With bands like Pearl Jam, U2, Metallica and Nirvana all releasing landmark albums in 1991, the year is one of the most important ones in rock 'n' roll history. Two decades later, the influence of these discs remains as strong as ever. In celebration of the 20th anniversary of one of the biggest years in music, and as part of 'Time Travel' Week, here's Ultimate Classic Rock's list of the 10 Best 1991 Rock Albums:

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    'Temple of the Dog'

    Temple of the Dog

    Chris Cornell joined forces with his Soundgarden drummer Matt Cameron and future Pearl Jam members Jeff Ament, Stone Gossard and Mike McCready for this tribute to Mother Love Bone singer Andrew Wood, who died of a heroin overdose. Eddie Vedder, who then was auditioning for Pearl Jam, contributed backing vocals on the disc and traded verses with Cornell on 'Hunger Strike.'

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    Following two modestly received albums in the '80s, Soundgarden broke through with 'Badmotorfinger' on the heels of the grunge craze in the early '90s. The album, powered by Chris Cornell's massive vocals and the band's heavy brand of guitar rock, features the singles 'Outshined' and 'Rusty Cage.' After breaking up in 1997, the band reunited last year.

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    'No More Tears'

    Ozzy Osbourne

    With the eyes of the rock world focused on Seattle at the time, Ozzy Osbourne was still able to make his mark with this 1991 album, 'No More Tears.' Ozzy's guitarist Zakk Wylde co-wrote the music on every track, while Motörhead's Lemmy Kilmister contributed lyrics to four songs. Highlights on 'Tears' include the title track and the hit ballad 'Mama, I'm Coming Home.'

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    'Out of Time'


    R.E.M. went from college-radio sweethearts to international superstars with 'Out of Time,' thanks in most part to its hit single 'Losing My Religion.' The song rocketed to No. 1 on Billboard's Modern and Mainstream Rock charts, while it's artsy video garnered heavy rotation on MTV. 'Time' also featured one of R.E.M.'s most maligned tunes -- the poppy 'Shiny Happy People.'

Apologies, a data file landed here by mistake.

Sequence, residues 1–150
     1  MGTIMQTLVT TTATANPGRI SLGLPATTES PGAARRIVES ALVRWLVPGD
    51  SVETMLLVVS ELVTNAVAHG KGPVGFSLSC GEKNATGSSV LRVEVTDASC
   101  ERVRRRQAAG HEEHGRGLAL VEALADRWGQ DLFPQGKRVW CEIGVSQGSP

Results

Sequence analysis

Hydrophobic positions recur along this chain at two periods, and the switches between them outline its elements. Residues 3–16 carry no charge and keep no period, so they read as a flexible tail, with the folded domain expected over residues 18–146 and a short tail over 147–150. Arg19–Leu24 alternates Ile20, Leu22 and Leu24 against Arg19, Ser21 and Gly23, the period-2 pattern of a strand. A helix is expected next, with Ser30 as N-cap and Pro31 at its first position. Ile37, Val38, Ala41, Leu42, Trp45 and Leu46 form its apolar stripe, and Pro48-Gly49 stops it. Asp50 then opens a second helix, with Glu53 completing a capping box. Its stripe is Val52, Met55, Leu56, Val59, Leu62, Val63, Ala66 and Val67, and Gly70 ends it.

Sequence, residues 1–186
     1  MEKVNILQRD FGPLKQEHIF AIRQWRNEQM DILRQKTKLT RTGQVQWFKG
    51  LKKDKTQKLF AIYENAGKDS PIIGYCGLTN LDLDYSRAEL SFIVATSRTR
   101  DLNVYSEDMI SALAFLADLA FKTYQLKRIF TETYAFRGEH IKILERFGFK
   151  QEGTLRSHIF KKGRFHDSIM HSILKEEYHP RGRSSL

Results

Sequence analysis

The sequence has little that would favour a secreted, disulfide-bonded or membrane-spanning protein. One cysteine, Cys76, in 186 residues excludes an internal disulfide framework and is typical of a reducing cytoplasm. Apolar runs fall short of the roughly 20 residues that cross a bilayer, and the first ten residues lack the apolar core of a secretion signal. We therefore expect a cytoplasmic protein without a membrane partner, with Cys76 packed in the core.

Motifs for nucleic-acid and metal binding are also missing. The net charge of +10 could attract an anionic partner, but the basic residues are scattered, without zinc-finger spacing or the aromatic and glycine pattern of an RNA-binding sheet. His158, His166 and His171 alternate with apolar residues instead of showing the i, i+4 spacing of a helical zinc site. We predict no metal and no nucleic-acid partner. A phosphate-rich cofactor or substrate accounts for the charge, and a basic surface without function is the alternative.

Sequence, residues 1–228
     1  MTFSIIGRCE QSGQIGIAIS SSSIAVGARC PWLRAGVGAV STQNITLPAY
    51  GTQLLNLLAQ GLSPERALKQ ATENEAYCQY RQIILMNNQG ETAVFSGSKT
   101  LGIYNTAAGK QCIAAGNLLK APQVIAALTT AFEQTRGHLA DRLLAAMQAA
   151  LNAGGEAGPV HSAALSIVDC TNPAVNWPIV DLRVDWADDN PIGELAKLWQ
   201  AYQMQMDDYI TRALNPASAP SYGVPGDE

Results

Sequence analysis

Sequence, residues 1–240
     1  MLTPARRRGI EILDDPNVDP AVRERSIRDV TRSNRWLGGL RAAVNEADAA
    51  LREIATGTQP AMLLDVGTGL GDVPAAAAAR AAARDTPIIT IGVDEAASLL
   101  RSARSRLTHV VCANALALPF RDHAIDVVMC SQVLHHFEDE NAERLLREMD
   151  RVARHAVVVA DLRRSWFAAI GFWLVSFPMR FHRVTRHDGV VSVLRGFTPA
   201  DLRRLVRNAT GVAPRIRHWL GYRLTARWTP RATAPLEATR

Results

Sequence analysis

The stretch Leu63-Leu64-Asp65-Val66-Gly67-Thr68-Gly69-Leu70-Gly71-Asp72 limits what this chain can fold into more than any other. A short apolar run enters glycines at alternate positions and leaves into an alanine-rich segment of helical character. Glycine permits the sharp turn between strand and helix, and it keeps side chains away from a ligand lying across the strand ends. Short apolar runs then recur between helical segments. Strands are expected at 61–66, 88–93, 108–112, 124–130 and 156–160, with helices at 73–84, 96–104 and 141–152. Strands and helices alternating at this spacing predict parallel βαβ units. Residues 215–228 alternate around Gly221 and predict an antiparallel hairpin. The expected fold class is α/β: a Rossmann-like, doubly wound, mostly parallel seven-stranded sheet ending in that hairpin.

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    'Blood Sugar Sex Magik'

    Red Hot Chili Peppers

    'Blood Sugar Sex Magik' helped propel Red Hot Chili Peppers from funk-rock fringe artists to worldwide wonders. The disc features the rock hits 'Give It Away' and 'Suck My Kiss' alongside the crossover smash 'Under the Bridge.' The band's subsequent popularity proved too much for guitarist John Frusciante, who quit the band in 1992 before returning in '98.

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    'Use Your Illusion I' and 'II'

    Guns N' Roses

    With Matt Sorum replacing Steven Adler on drums and the addition of keyboardist Dizzy Reed, Guns N' Roses explored classical instrumentation and more melodic sounds on two of the top albums of 1991, the simultaneously released albums 'Use Your Illusion I' and 'II.' While Axl Rose & Co. still got down and dirty, ballads 'Don't Cry,' 'November Rain' and 'Estranged' were among the biggest hits on the discs.

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    Pearl Jam

    Pearl Jam's debut disc, 'Ten,' received little fanfare when it was released in 1991. But with songs like 'Alive,' 'Even Flow' and 'Jeremy,' the album's success could not be denied. The disc blew up in '92, and the band became a touring powerhouse. The album's title was inspired by the jersey number of NBA player Mookie Blaylock, for whom the group was originally named.

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    'Achtung Baby'


    After dominating the '80s with epics like 'War' and 'The Joshua Tree,' Irish rockers U2 took a dramatic turn on their 1991 album, 'Achtung Baby.' The band introduced dance beats and electronic music to its sound with tunes like 'The Fly' and 'Mysterious Ways.' But it is the beautiful ballad 'One' that has become the disc's signature song and a staple of the group's legendary live shows.

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    'Metallica' (The Black Album)


    By the time the '90s rolled around, Metallica were already kings of the thrash-metal scene. With 'Metallica' (aka The Black Album), the band became mainstream-rock royalty. The combination of heavy-metal riffs and melodic verses on tracks like 'Enter Sandman,' 'Nothing Else Matters' and 'Sad But True' has helped the disc move 15 million copies in the United States alone.

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    Nirvana's 'Nevermind' is not just the top disc of 1991, it's the most influential album of the decade. At a time when boy bands and hair-metal acts were dominating the airwaves, Kurt Cobain & Co. changed the face of music. With anthems like 'Smells Like Teen Spirit,' 'Come As You Are' and 'Lithium,' the disc took the world by storm and started a musical revolution in the process.

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